From the Rector

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Rector's Letter    April - May 2020

Dear Friends,

Today has been another day of doom and gloom. Both in the news and in the weather. One of my Lent resolutions was to go for a walk each day – at least 30 minutes. To take time out, to pause, to be with God. Part of the drive for this is my own health. But a larger part was an awareness that I am starting to resume my old habits of whizzing from post to post, of busyness. This is a deliberate slowing of my pace, a time to meander and just be. I have explored more of the local area, I have walked with people and on my own. I have spent time thinking. I've been watching the seasons change around me. It has been good. So even in today's glumness, when – to be frank – all I wanted to do was pull my duvet over my head and stay in bed – I put on my walking boots and went for walk by the river.

The news today has been full of the latest details of the coronavirus and how we should or should not be reacting to it. This is combined with the graphs showing the fall in the stock markets, and various orders barring entry to different countries. There are stories about people stock-piling, those being quarantined, and so it goes on. I, like so many others, am in the 'vulnerable group', due to my suppressed immune system. What will happen next? It does not lead to an optimistic mood. How are we meant to respond to it all? In my walk I found myself calming, considering. I choose to distance myself from the knee-jerk reaction and look both inwards and outwards .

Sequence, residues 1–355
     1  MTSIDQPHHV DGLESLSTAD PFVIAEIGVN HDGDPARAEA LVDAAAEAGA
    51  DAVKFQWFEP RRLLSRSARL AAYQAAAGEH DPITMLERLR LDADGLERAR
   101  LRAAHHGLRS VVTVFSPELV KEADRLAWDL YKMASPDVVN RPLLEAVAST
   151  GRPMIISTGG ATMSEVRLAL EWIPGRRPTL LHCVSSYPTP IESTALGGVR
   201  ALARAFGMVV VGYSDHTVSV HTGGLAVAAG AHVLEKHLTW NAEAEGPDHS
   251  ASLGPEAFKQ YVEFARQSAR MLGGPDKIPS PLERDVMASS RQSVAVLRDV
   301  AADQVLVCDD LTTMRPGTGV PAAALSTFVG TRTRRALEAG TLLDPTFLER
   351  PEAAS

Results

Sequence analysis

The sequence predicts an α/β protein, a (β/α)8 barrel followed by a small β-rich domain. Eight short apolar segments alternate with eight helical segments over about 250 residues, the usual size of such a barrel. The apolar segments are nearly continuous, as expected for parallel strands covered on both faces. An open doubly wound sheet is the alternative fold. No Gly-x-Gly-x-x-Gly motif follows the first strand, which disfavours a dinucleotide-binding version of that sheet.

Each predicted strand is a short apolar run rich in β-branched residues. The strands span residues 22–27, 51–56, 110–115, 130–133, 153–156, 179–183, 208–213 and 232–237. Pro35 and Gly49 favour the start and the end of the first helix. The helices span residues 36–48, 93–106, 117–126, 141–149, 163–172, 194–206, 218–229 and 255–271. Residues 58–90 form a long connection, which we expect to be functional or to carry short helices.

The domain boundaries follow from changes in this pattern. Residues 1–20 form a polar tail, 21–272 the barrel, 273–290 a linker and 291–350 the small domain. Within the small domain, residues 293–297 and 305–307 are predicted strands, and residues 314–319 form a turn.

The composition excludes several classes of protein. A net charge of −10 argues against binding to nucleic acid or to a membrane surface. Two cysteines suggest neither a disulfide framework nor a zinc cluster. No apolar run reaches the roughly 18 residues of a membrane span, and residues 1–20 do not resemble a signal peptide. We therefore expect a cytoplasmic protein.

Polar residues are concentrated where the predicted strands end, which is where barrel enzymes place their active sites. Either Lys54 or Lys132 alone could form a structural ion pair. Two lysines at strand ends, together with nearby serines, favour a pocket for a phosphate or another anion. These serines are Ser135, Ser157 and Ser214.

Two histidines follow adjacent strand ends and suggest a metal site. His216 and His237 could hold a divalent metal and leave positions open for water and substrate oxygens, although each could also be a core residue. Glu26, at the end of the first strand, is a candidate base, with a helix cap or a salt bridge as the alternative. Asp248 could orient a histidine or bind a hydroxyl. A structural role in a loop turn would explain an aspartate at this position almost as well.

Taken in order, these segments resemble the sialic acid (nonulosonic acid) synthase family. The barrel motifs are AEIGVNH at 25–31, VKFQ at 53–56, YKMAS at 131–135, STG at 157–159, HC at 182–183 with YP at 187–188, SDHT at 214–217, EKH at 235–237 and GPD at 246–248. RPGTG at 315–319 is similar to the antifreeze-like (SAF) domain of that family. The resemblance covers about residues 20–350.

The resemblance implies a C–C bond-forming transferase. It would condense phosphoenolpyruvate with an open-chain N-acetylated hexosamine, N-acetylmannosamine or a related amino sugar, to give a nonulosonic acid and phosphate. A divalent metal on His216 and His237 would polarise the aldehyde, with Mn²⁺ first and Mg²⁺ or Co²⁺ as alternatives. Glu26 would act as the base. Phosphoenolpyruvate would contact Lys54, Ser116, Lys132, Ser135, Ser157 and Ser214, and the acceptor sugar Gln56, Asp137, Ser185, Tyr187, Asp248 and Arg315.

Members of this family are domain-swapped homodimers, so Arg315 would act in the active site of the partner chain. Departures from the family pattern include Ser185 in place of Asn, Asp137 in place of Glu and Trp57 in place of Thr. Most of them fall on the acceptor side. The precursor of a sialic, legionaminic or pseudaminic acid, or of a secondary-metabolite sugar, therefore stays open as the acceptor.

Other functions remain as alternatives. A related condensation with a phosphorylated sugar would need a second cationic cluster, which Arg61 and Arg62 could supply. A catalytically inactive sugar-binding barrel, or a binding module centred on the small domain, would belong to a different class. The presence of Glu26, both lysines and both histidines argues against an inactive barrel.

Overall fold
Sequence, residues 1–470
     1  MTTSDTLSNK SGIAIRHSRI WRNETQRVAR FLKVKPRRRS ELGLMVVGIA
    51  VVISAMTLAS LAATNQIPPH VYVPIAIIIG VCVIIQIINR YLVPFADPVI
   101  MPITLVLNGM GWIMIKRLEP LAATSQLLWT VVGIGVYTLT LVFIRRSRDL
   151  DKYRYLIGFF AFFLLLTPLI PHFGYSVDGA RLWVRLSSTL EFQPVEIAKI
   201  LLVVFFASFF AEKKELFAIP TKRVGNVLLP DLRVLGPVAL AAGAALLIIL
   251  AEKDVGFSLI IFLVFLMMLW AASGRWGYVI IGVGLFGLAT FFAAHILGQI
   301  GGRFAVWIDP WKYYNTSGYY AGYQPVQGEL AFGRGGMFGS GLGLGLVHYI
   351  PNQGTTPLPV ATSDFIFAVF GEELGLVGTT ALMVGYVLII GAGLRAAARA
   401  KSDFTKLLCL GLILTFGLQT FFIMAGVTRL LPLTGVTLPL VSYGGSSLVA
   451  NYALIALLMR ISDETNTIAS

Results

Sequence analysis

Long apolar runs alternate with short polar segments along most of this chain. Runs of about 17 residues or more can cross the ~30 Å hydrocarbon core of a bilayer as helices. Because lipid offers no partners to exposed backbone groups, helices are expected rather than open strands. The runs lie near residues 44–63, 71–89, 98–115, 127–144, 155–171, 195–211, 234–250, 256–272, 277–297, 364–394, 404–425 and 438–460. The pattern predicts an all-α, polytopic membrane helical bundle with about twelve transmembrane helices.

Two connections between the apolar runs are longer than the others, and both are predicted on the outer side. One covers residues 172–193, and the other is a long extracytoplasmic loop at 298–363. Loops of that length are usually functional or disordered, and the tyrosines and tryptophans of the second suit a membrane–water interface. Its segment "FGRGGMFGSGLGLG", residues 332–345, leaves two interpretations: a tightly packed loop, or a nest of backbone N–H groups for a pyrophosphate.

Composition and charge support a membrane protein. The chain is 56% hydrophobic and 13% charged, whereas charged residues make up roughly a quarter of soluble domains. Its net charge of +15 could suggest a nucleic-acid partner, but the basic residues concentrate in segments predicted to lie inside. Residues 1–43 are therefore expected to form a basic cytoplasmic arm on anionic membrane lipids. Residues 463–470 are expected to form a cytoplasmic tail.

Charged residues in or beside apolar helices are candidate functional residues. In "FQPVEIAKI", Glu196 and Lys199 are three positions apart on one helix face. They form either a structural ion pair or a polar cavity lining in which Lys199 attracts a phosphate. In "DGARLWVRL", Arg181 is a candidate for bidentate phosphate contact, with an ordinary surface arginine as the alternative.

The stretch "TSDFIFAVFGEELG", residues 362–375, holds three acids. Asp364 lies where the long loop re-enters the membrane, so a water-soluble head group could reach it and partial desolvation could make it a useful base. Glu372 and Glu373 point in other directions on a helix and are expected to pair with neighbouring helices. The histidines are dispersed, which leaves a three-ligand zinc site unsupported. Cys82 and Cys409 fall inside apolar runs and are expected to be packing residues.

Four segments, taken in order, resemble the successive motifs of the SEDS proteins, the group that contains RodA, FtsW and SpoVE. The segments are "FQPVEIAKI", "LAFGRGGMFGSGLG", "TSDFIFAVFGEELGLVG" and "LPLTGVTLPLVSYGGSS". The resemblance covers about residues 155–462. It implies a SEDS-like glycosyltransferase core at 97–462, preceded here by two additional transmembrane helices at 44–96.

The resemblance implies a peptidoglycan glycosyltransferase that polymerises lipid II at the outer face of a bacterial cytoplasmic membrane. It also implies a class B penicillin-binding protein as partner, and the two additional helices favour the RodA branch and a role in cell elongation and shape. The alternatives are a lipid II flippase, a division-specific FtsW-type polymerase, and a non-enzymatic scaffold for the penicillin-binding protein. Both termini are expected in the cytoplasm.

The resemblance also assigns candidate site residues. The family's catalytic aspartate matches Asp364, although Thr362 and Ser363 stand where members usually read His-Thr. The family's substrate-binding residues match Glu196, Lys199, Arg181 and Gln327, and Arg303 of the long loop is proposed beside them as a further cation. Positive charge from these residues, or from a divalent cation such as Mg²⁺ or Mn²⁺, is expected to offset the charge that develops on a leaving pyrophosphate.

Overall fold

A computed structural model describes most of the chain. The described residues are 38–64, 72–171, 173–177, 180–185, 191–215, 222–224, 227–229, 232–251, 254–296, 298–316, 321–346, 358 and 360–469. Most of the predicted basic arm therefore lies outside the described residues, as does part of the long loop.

As I write this, a missive has come from the College of Bishops stating that the holding of services and church events must stop until further notice. How do we do church when we can't go to church? Do we see this as time off? What should our reaction be as Christians? 

How about this one - 'Love your neighbour as yourself'. It really is as simple as that. If we look after the vulnerable and the weak, if we protect them, then we have more chance of getting through this together. We are called to look inward – what does my faith require of me – and outward – and where can I apply that faith. Where can we demonstrate the light of Christ in practical terms. Make sure those who are isolated or elderly are looked after. Offer what services you can to help, even if is only a phone call to a friend or neighbour who is alone. If you are self-isolating, please let me or one of the vestry members know. Likewise, if you need help, please do call. 

We are approaching the light of Easter. What systems will be in place, what precautions will be needed, whether we will be meeting together, I do not know. What I do know is that whether we meet together or not, Easter will still be celebrated. The risen Christ is still in this world. We are his hands and his feet, his voice. 

Every blessing,